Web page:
Adam Smith’s Pluralism is a refreshing study of Smith, but it is not without its problems. Weinstein neglects the relevance of Smith’s metaphysics, dismissively referring to “whatever the metaphysics that underlie Smith’s system.” Further on, in an attempt to assure the reader that Smith’s pluralism can transcend its Judeo-Christian heritage, he asserts, “there appears to be no divine revelation for Smith.” If this is true, it is neither self-evident in Smith nor evident in Weinstein’s analysis. Nor does Weinstein address such obvious influences on Smith’s metaphysics as Isaac Newton’s natural theology, which is essential to Smith’s baseline understanding of a created order in both the moral and physical universe.
If this were another exposition of Smith as the grand economist, then the neglect would be acceptable. But Smith’s principle of sympathy is rooted in metaphysical assumptions about human nature and society and their purpose in absolute reality. Without this foundation, the argument for sympathy as a compass for morality, as well as a mediator of competing motivations, loses much of its potency. The liberal who embraces Smith’s sympathy but refuses to deal with his metaphysics must do so either arbitrarily—sympathy being as good a guiding principle as any other—or, as Steven D. Smith has argued in The Disenchantment of Secular Discourse, surreptitiously, smuggling in certain beliefs about human nature without explanation or defense. Either way, the options are quite pale and shallow.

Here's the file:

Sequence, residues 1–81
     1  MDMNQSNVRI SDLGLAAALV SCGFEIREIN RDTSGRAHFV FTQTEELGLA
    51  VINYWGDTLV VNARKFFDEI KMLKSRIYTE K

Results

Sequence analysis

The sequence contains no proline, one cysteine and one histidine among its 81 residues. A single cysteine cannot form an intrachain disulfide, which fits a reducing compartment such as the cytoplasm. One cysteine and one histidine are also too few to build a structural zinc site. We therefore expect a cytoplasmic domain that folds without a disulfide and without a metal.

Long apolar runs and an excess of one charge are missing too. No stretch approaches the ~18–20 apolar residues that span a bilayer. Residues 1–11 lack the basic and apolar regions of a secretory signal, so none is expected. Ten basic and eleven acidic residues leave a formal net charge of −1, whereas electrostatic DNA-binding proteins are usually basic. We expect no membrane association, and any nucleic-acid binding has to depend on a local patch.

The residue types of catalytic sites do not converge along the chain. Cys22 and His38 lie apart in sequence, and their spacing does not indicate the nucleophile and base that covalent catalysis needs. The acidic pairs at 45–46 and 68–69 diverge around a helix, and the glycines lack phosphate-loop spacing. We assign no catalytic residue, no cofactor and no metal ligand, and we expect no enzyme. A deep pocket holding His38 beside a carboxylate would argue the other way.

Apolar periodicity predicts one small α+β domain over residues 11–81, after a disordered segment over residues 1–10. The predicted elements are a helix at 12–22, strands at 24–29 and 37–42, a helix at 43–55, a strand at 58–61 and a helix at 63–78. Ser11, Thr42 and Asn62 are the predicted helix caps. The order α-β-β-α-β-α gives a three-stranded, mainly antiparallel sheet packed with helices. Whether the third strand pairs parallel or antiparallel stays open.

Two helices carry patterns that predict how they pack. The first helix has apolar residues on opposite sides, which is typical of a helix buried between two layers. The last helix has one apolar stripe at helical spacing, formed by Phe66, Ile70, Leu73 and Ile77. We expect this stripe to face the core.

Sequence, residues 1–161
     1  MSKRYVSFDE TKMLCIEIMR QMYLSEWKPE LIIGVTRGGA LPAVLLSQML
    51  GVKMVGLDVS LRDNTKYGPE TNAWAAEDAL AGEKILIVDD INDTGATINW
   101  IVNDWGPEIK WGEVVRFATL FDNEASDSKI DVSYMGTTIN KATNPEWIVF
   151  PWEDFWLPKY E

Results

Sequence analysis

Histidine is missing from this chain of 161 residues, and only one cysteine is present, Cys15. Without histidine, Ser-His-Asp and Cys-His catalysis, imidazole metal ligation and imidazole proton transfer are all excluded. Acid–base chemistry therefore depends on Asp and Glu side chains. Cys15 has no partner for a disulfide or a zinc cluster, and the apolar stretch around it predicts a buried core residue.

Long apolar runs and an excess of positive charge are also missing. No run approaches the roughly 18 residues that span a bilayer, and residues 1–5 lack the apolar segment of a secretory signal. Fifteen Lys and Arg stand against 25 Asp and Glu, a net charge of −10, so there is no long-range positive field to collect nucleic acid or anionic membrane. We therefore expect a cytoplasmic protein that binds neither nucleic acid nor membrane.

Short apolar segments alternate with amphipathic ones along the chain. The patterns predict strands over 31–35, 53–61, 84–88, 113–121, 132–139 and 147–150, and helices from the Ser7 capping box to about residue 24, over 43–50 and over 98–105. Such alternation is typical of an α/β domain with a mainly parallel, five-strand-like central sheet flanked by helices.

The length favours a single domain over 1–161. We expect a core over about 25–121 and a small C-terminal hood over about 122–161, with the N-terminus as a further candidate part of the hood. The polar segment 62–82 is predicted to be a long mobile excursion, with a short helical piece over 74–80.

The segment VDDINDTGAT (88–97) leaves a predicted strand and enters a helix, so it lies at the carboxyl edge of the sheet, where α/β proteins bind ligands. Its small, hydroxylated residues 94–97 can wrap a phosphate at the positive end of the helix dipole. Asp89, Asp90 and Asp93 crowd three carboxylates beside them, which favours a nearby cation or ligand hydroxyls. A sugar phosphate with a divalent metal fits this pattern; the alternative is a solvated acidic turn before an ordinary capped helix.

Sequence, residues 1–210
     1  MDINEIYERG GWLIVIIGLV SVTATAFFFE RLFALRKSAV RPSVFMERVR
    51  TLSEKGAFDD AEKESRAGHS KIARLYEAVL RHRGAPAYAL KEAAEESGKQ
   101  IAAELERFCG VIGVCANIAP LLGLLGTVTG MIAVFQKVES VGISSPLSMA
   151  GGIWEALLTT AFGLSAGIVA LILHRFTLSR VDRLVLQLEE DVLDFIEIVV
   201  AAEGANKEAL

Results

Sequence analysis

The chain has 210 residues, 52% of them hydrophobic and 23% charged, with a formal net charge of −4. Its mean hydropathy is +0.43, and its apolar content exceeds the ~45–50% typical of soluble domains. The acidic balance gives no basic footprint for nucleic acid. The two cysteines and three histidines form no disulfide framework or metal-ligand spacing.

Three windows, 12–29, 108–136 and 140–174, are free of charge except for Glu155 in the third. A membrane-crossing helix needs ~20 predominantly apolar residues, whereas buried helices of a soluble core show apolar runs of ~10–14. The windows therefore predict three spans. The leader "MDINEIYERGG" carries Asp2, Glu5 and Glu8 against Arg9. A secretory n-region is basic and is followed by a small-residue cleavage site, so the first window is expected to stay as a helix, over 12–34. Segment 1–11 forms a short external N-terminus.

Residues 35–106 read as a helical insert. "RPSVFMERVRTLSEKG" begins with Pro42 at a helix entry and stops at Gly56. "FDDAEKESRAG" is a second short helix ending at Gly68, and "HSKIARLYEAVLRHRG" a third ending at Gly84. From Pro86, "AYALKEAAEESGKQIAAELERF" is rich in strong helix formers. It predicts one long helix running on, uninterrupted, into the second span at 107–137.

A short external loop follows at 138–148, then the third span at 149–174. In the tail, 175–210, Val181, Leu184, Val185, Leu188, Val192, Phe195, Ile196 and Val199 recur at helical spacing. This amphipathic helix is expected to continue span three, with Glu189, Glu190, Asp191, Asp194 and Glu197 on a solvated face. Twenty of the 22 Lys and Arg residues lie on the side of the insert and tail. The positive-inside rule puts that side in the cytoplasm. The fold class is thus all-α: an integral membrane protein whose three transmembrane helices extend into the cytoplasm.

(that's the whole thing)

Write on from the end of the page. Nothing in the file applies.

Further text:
Nevertheless, even without Smith’s metaphysics, this is an invigorating reorientation of liberal theory. There are striking similarities to Burke’s moral imagination, which is particularly evident in Weinstein’s analysis of the intersections of beauty, language, and moral choice. Weinstein rescues Smith’s moral philosophy from its economically obsessed captors will prove an extraordinary blessing for conservative and liberal alike.
David J. Davis is assistant professor in history at Houston Baptist University and author of Seeing Faith, Printing Pictures: Religious Identity During the English Reformation.